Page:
St Francis of Assisi Academy
DfES/ Diocese & Archdiocese of Liverpool
Completed - 2006
7,750 sqm/ £16.8m
St. Francis of Assisi was Liverpool’s first Academy, and the first in the country to have the Environment as its specialism. Jointly sponsored by the Roman Catholic Archdiocese and the Anglican Archdiocese in Liverpool, the Academy serves as a learning environment for 11-16 year old children of both communities, together with children affiliated to other faiths.
The design of the Academy reflects its focus on an education rooted in green awareness and sustainability and its aspiration to attract disaffected teenagers back to learning. The Academy has been designed to facilitate environmental education and to offer itself as a pervasive educational resource. It has an East-West orientation that allows maximum natural daylight, providing a bright and positive learning environment. Outputs from the twelve banks of photo-voltaic cells and the rainwater harvesting are prominently located on electronic display boards in the central cyber-café area, part of a state-of-the art ICT system.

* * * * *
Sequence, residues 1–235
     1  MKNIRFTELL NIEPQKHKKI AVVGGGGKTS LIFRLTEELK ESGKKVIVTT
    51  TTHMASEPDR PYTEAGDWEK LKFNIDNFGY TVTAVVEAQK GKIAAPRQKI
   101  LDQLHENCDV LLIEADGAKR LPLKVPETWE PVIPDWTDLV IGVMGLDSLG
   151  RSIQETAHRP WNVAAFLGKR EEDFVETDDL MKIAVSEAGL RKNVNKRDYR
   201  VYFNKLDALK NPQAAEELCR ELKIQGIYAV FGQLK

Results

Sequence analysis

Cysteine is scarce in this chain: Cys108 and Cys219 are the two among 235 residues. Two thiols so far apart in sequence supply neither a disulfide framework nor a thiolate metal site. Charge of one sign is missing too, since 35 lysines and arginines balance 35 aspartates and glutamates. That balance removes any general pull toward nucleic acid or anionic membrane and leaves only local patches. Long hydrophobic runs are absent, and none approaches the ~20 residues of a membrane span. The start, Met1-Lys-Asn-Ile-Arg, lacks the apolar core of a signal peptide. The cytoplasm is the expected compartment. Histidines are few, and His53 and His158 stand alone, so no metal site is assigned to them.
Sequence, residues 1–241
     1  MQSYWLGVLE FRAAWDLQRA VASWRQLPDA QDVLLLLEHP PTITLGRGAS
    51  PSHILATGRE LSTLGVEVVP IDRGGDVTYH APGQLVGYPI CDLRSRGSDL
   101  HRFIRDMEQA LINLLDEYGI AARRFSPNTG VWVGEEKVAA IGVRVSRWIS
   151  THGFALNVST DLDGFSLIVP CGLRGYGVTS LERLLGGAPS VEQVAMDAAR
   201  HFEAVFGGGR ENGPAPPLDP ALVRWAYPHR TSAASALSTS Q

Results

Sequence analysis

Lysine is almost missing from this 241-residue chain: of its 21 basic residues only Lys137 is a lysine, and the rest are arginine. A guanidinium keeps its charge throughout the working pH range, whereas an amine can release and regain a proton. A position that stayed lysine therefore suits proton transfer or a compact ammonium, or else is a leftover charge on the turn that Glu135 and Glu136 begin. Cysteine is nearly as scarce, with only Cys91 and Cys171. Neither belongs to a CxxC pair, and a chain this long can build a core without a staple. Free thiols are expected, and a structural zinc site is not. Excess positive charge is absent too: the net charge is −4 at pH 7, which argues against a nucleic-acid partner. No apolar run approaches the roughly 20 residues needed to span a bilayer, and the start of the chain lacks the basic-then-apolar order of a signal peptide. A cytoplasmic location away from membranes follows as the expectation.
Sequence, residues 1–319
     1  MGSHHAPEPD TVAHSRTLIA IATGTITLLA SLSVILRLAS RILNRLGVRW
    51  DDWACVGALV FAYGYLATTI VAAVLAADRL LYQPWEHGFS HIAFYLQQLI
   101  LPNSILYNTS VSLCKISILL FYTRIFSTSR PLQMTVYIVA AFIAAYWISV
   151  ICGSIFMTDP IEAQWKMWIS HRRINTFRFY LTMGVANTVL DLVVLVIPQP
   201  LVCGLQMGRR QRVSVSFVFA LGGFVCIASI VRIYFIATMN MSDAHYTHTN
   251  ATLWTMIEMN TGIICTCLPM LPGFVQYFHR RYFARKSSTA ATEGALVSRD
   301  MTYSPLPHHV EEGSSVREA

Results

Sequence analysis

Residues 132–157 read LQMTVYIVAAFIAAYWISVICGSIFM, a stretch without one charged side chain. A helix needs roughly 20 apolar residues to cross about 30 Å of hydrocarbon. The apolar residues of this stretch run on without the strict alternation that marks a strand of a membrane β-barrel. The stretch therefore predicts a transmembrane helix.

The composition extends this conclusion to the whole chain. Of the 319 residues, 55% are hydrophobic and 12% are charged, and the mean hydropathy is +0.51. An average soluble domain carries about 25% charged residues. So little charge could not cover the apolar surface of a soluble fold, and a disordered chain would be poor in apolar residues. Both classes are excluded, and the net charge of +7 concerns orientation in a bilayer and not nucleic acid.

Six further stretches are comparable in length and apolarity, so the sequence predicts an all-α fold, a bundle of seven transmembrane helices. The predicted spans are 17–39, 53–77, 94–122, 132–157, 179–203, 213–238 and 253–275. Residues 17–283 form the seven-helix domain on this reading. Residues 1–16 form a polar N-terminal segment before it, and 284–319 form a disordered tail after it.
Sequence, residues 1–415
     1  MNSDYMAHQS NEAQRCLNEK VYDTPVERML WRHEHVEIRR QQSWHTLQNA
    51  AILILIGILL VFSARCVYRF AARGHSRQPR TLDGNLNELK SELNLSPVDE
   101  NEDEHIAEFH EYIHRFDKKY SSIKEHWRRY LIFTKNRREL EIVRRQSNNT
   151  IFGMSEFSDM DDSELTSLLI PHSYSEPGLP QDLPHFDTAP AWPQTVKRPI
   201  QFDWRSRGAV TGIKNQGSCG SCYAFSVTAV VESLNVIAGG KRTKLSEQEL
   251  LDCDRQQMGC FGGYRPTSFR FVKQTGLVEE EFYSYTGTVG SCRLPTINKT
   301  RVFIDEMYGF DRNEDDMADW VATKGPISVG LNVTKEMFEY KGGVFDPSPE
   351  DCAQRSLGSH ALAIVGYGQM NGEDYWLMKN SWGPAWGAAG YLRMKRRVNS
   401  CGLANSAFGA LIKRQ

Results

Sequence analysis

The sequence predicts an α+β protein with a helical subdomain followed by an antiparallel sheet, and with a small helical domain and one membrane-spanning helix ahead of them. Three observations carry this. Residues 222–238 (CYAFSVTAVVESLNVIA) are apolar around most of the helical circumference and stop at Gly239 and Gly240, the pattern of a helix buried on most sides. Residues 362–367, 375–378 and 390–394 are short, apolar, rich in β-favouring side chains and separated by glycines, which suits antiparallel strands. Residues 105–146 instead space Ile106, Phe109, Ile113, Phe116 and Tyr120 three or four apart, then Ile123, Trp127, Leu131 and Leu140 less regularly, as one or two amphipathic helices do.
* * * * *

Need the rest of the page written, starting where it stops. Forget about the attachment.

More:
The roof mainly consists of a combination of sedum and brown roofs, with a substrate formed from excavated sandstone from the site. The outdoor classroom roof combines this sandstone substrate with areas of crushed cockleshell, both of which were seeded with an indigenous wildflower mix.
The staff at the Academy have repeatedly praised the design of the building as key in making ‘an immediate impact’ on pupils’ learning and as one of the key factors in motivating them in their studies. The provision of facilities for pupils to work independently has also allowed them to work ‘much more effectively’. Percy Thomas Architects were highly commended for the scheme in the ‘Sustainable Building’ category at the 2007 Sustainable City Awards and was the subject of a report in The Independent newspaper under the headline 'Britain’s Greenest School’.